Another time, a caregiver showed the ten-year-old Koko a photo of a bird in a magazine. THAT ME, Koko signed. "Is that really you?" KOKO GOOD BIRD, she responded. "I thought you were a gorilla." KOKO BIRD. The caregiver asked, "you sure?" Koko responded, pointing to the bird, KOKO GOOD THAT. "Okay, I must be a gorilla," the caregiver said. BIRD YOU, the gorilla signed. "We're both birds?" Koko responded by signing GOOD. "Show me," the caregiver prodded. FAKE BIRD CLOWN. "You're teasing me. What are you really?" Finally, Koko gave in, with a laugh: GORILLA KOKO.
By pretending to be a bird, Koko is doing something that the youngest human infants can't do. Young infants attempt to grasp objects in pictures as if they're really there. But by nineteen months, on average, grasping is replaced by pointing. By that age, human infants begin to understand that a picture is a representation of another object, not the object itself, much the same as a ten-year-old Koko understood that she wasn't truly a bird.
On the other hand, children under four years seem able to pretend in some instances but not in others. For instance, three-year-old children routinely agree that a balloon on a television screen would float to the ceiling if the top of the set was removed.
Koko, too, in some instances couldn’t distinguish between pretence and reality. In one interaction, a caregiver brought a toy dinosaur and hid it between her legs as she sat with the eleven-year-old ape. The caregiver poked the toy dinosaur out from behind her legs, causing Koko to jump backwards. "I scared you!" said the caregiver, "what's this?" Koko answered FAKETOOTH FAKE. "Yes, it's a fake alligator." Dinosaurs, lizards and alligators are all labelled "alligator" in Koko's vocabulary. After playing with the toy for a while, the caregiver asked, "You like it? You want it?" Koko responded GOOD, but still she didn't take it. The caregiver pretended as if the toy bit her own finger, shouting "Ow!" as if in pain. TOILET STINK, Koko replied. "Give me your finger, Koko," the caregiver instructs. But Koko instead offered a toy doll, letting it get bitten instead. "You funny Koko, let monster bite doll instead of you. Let's try being nice to it. It's a nice animal." The caregiver kissed the doll, to which Koko responded with the sign FAKETOOTH. "You want to kiss it, be nice?" While Koko eventually, though cautiously, kissed the dinosaur, she quickly withdrew.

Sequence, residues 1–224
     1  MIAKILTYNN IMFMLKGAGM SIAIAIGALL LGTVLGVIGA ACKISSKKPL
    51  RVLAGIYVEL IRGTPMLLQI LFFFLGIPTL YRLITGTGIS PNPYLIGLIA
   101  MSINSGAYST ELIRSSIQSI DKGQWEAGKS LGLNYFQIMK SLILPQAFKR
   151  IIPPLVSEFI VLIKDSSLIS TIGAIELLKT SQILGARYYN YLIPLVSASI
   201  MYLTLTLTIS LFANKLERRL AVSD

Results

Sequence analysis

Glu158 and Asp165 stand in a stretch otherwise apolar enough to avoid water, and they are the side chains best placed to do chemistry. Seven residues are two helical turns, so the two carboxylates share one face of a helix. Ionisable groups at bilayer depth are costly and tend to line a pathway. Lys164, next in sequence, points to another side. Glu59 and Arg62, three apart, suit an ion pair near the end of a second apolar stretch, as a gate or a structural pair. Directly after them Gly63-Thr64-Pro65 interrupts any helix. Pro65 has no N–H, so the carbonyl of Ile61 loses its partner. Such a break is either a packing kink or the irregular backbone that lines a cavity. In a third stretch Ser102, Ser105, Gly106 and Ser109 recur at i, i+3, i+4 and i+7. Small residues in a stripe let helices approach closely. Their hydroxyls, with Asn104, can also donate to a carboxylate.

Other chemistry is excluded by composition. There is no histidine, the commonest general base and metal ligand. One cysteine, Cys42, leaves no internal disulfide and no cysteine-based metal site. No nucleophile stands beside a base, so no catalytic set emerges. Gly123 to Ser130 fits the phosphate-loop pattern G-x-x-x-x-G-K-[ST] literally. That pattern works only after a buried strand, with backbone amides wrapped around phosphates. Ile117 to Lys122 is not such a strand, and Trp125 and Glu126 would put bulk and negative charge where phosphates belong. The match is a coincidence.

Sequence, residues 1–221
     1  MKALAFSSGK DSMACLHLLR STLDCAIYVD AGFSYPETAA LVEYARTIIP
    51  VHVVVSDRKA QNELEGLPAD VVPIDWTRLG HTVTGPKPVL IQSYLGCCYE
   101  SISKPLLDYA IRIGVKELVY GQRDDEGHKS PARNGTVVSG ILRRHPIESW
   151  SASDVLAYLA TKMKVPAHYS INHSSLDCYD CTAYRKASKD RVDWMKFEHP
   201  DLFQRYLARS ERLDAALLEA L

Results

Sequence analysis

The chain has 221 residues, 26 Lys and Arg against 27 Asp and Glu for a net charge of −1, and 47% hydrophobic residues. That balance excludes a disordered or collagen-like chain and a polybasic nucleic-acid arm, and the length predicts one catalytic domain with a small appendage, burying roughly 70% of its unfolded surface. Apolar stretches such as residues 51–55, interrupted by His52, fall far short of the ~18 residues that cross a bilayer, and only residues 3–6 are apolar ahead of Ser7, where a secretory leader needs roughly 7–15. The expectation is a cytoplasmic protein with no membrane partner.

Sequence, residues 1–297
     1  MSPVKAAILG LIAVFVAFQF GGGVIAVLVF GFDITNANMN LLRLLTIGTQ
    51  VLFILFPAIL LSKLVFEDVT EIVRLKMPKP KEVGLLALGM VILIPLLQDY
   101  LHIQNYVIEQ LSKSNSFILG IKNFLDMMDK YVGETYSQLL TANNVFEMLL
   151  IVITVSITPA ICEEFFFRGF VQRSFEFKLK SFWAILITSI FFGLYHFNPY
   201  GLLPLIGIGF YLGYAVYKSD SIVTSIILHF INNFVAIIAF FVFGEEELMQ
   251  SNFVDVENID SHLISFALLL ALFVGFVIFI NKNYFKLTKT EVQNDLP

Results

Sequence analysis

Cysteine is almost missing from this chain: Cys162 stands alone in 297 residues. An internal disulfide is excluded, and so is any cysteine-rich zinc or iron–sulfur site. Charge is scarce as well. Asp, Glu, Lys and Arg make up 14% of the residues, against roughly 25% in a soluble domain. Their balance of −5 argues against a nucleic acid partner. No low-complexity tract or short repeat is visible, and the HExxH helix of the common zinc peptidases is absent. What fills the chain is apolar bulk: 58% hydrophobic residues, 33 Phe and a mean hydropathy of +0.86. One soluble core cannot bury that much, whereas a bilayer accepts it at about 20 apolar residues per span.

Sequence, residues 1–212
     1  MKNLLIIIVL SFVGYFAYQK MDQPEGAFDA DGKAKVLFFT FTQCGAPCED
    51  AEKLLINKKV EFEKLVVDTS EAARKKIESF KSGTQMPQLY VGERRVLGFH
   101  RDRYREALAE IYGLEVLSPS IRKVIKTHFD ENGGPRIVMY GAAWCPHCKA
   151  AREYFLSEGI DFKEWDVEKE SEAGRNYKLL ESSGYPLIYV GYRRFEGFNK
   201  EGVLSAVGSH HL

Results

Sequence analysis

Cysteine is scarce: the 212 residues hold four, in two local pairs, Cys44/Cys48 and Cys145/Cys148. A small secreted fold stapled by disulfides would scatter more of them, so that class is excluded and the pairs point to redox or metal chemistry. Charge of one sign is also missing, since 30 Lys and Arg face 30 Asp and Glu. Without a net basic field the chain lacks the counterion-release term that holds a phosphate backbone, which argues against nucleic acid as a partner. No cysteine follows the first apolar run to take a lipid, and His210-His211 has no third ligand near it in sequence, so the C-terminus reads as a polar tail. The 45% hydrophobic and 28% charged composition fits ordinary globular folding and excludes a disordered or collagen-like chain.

Koko seemed aware that the dinosaur was only a toy, using the signs FAKE and FAKETOOTH, both of which she regularly used to indicate that objects aren't real. However, she was also scared of it, acting quite wary about touching or kissing it. On some level, perhaps, she thought that the toy dinosaur could actually harm her.
Like a human child under four years of age, it might be that Koko didn't understand the concept of pretending, or didn't apply her knowledge of pretence uniformly. Despite the fact that she knew and understood the sign for "pretend", Koko more often used the signs for "know" and "think" when asked about her toys.
That said, one does not have to be aware that they are pretending in order to successfully pretend. In one clever study, researchers asked human children if a troll that hopped like a rabbit was only pretending to be a rabbit, even if he had never heard of rabbits in the first place. It wasn't until children were at least four years old that they answered correctly, suggesting that the younger children did not yet understand that pretending was something associated with the mind rather than the body.